With continued extraction of groundwater in the major cities in China, what can help real estate buyers and owners keep an eye out to protect their property value and manage the risks accordingly?  First, increased insurance coverage and understanding real estate insurance coverage would be a good start. According to the World Bank, as of 2008, only 5% of the property in China is being insured7. And from past experiences of earthquake damage claims, majority of the affected parties had no idea their normal asset protection plan did not necessarily cover earthquake damage.

As China’s real estate growth continue to boom in cities like Shanghai, Beijing, Shenzhen, Guangzhou where land subsidence risk has become more and more evident, it is time for a better information infrastructure to provide much needed data for better decision making. A comprehensive database on sinkhole occurences, damage costs, overlaid on ground geology information can form the basis of better risk assessment and long term real estate planning.


1. Institute for Global Environmental Strategies. (2010). “Sustainable Groundwater Management in Asia”. Hayama, Japan: IGES.
  2. Probe International Beijing Group. (June 2008). “Beijing’s Water Crisis: 1949 — 2008 Olympics”. Canada: Probe International.
 3. Shahid Yusuf, Tony Saich (eds.). (2008). China Urbanizes: Consequences, Strategies, and Policies. Washington, DC: World Bank Publications.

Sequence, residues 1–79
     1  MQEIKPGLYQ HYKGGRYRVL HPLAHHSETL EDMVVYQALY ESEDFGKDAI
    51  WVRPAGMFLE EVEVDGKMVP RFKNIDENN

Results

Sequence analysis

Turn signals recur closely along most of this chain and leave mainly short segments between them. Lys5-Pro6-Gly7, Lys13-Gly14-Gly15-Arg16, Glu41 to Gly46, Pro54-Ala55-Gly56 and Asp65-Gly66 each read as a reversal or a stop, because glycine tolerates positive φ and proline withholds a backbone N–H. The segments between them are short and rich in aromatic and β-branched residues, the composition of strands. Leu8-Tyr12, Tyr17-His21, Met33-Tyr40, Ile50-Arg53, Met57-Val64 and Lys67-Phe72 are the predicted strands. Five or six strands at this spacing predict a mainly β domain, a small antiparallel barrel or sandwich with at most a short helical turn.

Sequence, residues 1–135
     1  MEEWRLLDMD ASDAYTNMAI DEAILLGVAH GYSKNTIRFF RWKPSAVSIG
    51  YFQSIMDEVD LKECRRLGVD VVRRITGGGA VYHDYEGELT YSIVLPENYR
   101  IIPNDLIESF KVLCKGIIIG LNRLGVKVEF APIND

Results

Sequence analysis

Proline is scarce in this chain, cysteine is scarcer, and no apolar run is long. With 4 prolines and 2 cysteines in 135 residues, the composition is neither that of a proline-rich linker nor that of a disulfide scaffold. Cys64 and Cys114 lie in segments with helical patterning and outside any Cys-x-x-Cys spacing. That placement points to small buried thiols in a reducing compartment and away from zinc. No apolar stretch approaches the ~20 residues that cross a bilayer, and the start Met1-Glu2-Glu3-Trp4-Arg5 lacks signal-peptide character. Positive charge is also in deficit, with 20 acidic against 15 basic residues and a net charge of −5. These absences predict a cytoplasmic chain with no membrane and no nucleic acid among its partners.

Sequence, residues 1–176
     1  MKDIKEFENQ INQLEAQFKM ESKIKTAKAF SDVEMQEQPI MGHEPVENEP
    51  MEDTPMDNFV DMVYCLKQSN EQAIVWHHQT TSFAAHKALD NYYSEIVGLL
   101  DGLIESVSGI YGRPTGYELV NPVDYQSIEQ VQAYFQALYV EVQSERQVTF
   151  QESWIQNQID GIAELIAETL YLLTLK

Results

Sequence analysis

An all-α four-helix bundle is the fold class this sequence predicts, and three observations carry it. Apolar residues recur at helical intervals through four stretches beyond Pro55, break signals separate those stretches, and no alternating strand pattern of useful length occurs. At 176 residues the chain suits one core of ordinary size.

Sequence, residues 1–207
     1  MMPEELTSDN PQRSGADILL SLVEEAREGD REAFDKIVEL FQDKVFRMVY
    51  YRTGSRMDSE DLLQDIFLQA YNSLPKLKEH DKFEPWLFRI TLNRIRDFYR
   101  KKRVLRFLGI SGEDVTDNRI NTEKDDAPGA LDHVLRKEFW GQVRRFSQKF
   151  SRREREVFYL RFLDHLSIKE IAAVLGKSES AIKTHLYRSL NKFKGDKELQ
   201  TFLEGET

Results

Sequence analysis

4. Institute for Global Environmental Strategies. (2010). “Sustainable Groundwater Management in Asia”. Hayama, Japan: IGES.
5.  Scheidt, J., Lerche, I., and Paleologos, E. (September 2005). Environmental and economic risks from sinkholes in west-central Florida. Environmental Geosciences, v. 12, no. 3, pp. 207–217.
6. Institute for Global Environmental Strategies. (2010). “Sustainable Groundwater Management in Asia”. Hayama, Japan: IGES.
7. World Bank. (July 2008). World Bank Good Practice Notes: Catastrophe Insurance Policy for China.

 

Further Reading:

  • Underground Shifts: Subsidence Review – Subsidence goes hand in hand with groundwater over-extraction. With over 400 out of the 655 cities in China reliant on groundwater, can China mitigate subsidence risk? We explore related costs such as infrastructure damage, saltwater intrusion & increased desertification